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August 26, 2019

$20M project will monitor state's coastal ecosystem amid ocean changes

Courtesy / University of Maine System A $20 million, five-year initiative brings together research, education, government, community and economic development entities to study coastal waters through the use of environmental DNA, or eDNA.

The University of Maine and Bigelow Laboratory for Ocean Sciences, in East Boothbay, are co-leading a five-year initiative that aims to revolutionize environmental monitoring, ecological understanding and sustainability of coastal ecosystems.

A $20 million grant from the National Science Foundation will fund the project, which involves collaborators in research, education, government, community and economic development, and marine-related businesses statewide, according to a news release.

As the University of Maine’s marine laboratory, Darling Marine Center in Walpole will play a critical role in the project. DMC’s flowing seawater laboratories, fleet of research vessels and shore-side infrastructure will support the research, education, and business and workforce development activities at the core of this project.

“I’m really looking forward to expanded collaboration among DMC and Bigelow scientists, thanks to the National Science Foundation,” Heather Leslie, DMC director and UMaine associate professor in the School of Marine Sciences, said in the release. “We will be working together on science relevant to some of the state’s highest priorities, including sustaining marine fisheries, and reducing the vulnerability of marine-related businesses and coastal communities to climate and environmental change.”

Leslie is one of four co-principal investigators for the project, which involves more than 25 researchers in fields ranging from climate, ocean and environmental sciences to computer science and communication studies.


The initiative is a large-scale effort to monitor aquatic life in coastal waters through the use of environmental DNA, or eDNA, according to a news release from Southern Maine Community College, which is also participating in the project.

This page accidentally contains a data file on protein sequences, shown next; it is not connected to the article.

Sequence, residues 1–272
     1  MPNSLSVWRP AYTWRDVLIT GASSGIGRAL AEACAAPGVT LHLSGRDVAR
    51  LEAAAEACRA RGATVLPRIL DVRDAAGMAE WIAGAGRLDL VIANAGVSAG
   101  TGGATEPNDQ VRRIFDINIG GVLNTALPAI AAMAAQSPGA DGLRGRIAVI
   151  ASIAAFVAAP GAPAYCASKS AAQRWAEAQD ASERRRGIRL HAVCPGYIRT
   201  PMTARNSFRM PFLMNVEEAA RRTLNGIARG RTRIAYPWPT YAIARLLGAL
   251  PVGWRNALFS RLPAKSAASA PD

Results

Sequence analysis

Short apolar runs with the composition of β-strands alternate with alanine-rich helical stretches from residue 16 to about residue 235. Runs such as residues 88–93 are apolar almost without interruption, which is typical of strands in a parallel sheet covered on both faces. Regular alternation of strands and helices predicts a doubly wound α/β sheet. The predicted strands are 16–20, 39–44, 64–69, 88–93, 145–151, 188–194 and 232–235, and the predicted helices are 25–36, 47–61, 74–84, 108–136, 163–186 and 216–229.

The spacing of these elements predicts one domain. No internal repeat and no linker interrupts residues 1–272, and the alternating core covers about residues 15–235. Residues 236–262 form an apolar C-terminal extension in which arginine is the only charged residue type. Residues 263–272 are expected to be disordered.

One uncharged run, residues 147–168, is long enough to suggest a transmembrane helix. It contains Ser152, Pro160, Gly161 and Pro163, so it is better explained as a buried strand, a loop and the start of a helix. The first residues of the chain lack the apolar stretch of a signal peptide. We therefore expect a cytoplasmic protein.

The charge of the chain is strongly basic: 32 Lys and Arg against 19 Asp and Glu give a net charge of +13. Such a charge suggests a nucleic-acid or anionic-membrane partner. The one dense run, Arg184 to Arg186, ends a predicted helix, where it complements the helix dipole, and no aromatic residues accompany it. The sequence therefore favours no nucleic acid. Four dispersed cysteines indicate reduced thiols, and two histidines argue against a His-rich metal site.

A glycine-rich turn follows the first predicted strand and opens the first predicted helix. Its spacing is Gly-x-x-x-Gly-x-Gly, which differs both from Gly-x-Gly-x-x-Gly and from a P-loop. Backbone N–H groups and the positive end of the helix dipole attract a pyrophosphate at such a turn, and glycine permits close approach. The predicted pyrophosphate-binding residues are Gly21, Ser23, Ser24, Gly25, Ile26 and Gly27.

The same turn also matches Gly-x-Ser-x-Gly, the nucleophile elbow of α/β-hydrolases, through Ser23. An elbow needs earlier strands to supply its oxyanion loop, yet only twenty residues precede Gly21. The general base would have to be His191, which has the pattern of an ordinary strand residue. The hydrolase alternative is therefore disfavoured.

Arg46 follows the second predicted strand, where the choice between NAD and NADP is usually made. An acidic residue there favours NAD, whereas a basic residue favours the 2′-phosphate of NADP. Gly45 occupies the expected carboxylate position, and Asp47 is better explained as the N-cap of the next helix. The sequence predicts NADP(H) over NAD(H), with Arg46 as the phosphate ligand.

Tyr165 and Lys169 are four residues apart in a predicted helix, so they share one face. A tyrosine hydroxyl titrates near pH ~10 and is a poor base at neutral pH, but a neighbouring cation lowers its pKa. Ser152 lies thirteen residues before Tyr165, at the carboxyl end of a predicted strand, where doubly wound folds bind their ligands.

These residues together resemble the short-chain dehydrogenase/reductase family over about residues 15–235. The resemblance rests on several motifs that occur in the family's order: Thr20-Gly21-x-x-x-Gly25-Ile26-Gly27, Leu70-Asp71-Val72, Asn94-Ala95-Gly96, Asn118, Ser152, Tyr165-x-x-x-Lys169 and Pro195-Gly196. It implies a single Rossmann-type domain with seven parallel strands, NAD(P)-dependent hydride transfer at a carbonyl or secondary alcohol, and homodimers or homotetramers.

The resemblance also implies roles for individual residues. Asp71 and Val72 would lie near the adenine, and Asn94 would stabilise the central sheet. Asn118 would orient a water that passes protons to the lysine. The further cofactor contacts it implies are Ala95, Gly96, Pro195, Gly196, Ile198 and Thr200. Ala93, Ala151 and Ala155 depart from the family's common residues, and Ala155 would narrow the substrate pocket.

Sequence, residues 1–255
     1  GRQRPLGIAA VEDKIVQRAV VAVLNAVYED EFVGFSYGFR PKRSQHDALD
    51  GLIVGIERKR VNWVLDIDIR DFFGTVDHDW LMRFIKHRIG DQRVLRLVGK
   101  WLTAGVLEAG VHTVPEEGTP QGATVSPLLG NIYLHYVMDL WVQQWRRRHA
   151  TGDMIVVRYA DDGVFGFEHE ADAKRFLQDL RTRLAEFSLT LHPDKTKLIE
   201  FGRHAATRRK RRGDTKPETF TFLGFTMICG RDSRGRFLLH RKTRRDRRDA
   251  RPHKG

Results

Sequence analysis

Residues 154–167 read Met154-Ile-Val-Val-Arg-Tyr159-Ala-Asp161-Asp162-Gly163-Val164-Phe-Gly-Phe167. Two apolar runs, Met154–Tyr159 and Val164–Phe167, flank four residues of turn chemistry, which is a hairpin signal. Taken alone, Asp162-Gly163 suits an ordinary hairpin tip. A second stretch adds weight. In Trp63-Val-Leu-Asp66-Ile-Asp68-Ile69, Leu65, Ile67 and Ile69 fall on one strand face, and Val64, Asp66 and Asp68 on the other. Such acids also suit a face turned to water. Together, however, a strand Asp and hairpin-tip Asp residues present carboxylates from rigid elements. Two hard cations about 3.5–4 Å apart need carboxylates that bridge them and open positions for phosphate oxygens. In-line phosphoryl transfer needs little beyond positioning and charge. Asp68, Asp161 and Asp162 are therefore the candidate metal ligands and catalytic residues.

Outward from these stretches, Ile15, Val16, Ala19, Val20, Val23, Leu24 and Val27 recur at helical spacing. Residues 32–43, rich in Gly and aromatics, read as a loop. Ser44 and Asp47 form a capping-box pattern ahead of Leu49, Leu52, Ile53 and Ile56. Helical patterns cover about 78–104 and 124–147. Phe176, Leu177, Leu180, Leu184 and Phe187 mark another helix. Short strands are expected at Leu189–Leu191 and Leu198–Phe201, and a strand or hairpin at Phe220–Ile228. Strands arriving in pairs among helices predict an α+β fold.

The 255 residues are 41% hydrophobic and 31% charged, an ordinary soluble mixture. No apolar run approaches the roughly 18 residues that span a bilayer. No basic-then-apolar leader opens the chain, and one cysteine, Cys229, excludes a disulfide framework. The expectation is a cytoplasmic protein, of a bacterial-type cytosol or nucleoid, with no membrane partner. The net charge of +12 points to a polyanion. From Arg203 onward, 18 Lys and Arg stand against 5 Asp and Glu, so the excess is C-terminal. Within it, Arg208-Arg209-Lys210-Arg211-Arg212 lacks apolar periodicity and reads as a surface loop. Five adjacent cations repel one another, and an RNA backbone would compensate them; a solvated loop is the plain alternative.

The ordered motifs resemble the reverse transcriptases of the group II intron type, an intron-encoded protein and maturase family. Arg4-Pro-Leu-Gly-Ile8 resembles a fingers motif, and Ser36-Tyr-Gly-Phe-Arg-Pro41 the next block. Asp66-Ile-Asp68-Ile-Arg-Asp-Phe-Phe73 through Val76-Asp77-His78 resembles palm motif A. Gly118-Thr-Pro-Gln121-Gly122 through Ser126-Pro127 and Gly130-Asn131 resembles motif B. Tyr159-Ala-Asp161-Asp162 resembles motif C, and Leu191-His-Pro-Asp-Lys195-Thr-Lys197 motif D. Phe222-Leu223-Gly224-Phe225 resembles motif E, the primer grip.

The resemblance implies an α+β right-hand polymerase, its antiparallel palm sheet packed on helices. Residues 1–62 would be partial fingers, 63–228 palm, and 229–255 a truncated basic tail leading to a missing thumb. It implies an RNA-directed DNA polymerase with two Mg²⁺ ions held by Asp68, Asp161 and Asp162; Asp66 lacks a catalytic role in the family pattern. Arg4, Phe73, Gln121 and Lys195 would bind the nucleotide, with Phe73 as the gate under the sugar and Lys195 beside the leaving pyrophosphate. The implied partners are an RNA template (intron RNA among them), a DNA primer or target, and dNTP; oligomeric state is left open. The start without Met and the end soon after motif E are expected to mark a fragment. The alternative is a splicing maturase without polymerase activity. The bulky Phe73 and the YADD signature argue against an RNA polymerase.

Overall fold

SMCC will team up with Bigelow Laboratory and Colby College to use eDNA to monitor harmful algal blooms in Casco Bay. SMCC students will be involved in ocean field research through the Marine Science Seatime classes and for senior capstone projects.

“This is a wonderful opportunity for our students to use cutting-edge technology for real-world scientific research,” Marine Science Professor Brian Tarbox said in the release. “In collaboration with other institutions, we will be collecting data to monitor and gauge the sustainability of our marine ecosystems and how they are changing.”

The project leverages developments in the understanding of environmental DNA — genetic traces left behind by all plants, animals, and microbes. Even a small water sample contains a massive amount of this information, which provides the potential to construct a snapshot of the local ecosystem at any given time.

Marine resources

The emergence of eDNA research has been called vital to protecting and managing Maine’s marine resources and its fishing, lobstering, aquaculture and other marine industries that are major economic contributors to the state.

Last September, the Washington, D.C.-based American Geophysical Union, a nonprofit that represents 60,000 members in 137 communities, updated its 2005 statement on the importance of ocean research and education as foundations for economic growth with a call for urgent action to respond to a host of climate-related changes in the world’s oceans.

The report called for “bold investment” in scientific research to respond to rising sea levels and ocean temperatures and other changes that will impact coastal communities and their economies. Charles Colgan, a professor at the University of Southern Maine and a former Maine state economist, was one of a panel of five American Geophysical Union ocean scientist members that wrote the report. He told Mainebiz he’s particularly concerned about the ability of Maine’s coastal communities to respond to rising sea level.

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